DRC declares end to its latest Ebola outbreak
The Democratic Republic of the Congo (DRC) health ministry today declared the end of the country's 12th Ebola outbreak, given that 42 days have passed with no new cases since the last patient was released from treatment.
The outbreak began on Feb 7 in North Kivu province in the same area where a large outbreak took place from 2018 to 2020. Genetic sequencing suggests that the outbreak was linked to the previous event, but the source of the infection hasn't yet been determined.
Eleven cases were confirmed, plus one probable infection across four of North Kivu's health zones. Six people died from their infections.
In a statement today, the World Health Organization (WHO) congratulated DRC health officials and healthcare workers in their battle against Ebola in the country's fourth outbreak in less than 3 years. Response workers vaccinated nearly 2,000 people. In a separate statement, WHO Director-General Tedros Adhanom Ghebreyesus, PhD, said, "Today's declaration of an end to the latest Ebola outbreak in the in Democratic Republic of the Congo is a testament to the professionalism, sacrifices, and collaboration by hundreds of true health heroes, in particular the Congolese responders.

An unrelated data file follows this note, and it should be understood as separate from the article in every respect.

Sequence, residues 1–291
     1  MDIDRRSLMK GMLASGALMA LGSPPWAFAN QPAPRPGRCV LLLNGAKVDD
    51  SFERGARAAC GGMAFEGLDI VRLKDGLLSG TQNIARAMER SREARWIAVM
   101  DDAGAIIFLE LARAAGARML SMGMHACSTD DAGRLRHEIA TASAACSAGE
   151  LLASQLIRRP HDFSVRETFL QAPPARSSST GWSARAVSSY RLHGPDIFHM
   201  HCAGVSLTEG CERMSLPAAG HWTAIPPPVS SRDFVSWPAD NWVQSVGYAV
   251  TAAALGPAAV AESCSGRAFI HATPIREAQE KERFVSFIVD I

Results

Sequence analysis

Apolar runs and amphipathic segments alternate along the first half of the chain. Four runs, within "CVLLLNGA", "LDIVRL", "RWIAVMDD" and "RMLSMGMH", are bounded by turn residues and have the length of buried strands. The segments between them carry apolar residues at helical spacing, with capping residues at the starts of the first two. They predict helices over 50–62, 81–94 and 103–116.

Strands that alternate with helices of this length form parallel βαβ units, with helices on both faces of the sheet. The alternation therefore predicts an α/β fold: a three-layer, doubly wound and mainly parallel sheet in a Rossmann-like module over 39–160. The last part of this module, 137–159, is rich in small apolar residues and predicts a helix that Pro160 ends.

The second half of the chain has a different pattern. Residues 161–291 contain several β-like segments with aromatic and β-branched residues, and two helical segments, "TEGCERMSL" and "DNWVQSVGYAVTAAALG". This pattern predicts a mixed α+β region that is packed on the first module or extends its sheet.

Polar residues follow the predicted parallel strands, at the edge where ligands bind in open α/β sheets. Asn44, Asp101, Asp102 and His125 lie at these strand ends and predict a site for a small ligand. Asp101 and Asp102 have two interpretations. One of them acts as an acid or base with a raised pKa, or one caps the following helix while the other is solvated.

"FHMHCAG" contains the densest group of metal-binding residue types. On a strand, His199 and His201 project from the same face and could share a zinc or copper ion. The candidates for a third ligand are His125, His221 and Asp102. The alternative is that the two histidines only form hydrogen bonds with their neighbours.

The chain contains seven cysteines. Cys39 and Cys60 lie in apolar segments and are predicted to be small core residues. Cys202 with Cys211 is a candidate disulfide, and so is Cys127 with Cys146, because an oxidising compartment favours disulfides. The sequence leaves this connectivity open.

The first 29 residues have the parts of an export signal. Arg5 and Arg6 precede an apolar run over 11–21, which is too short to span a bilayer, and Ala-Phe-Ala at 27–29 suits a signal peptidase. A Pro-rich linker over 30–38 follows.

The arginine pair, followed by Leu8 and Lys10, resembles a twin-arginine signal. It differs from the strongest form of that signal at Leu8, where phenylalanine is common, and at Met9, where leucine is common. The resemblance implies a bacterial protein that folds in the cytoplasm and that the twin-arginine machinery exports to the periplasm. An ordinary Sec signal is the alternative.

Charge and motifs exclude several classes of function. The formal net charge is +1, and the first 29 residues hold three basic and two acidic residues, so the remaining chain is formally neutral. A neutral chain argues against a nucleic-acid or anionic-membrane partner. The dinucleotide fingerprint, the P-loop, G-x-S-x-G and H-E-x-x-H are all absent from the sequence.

Also, Rochelle Walensky, MD, director of the US Centers for Disease Control and Prevention (CDC) commended the DRC health ministry for bringing the outbreak to an end and said the CDC is proud to have been part of the effort and remains committed to supporting the DRC's Ebola efforts.
Guinea has started counting down the days until the end of its current outbreak. Its last confirmed case was released from treatment last weekend.
May 3 WHO statement
May 3 Tedros statement
May 3 CDC media statement
Canada reports 2 unlinked variant flu cases
Health officials in Manitoba recently announced two unrelated variant influenza cases, which involved different viruses in patients who had indirect or direct contact with pigs, according to an Apr 30 statement from the Manitoba government.
The infections were detected in April as part of regular influenza surveillance. The patients had mild symptoms, were tested and were negative for COVID-19, and recovered. One patient had H1N2v and another had H1N1v.
Investigations have found no other related cases. Officials said sporadic variant flu cases have been reported in North America over the past decade. They noted that the H1N1v case is Canada's second and the first since 2012 and added that the United States reported two H1N1v cases during the 2020-21 season. As for H1N2v, Canada reported its last such case in Alberta in 2020.
Apr 30 Manitoba government statement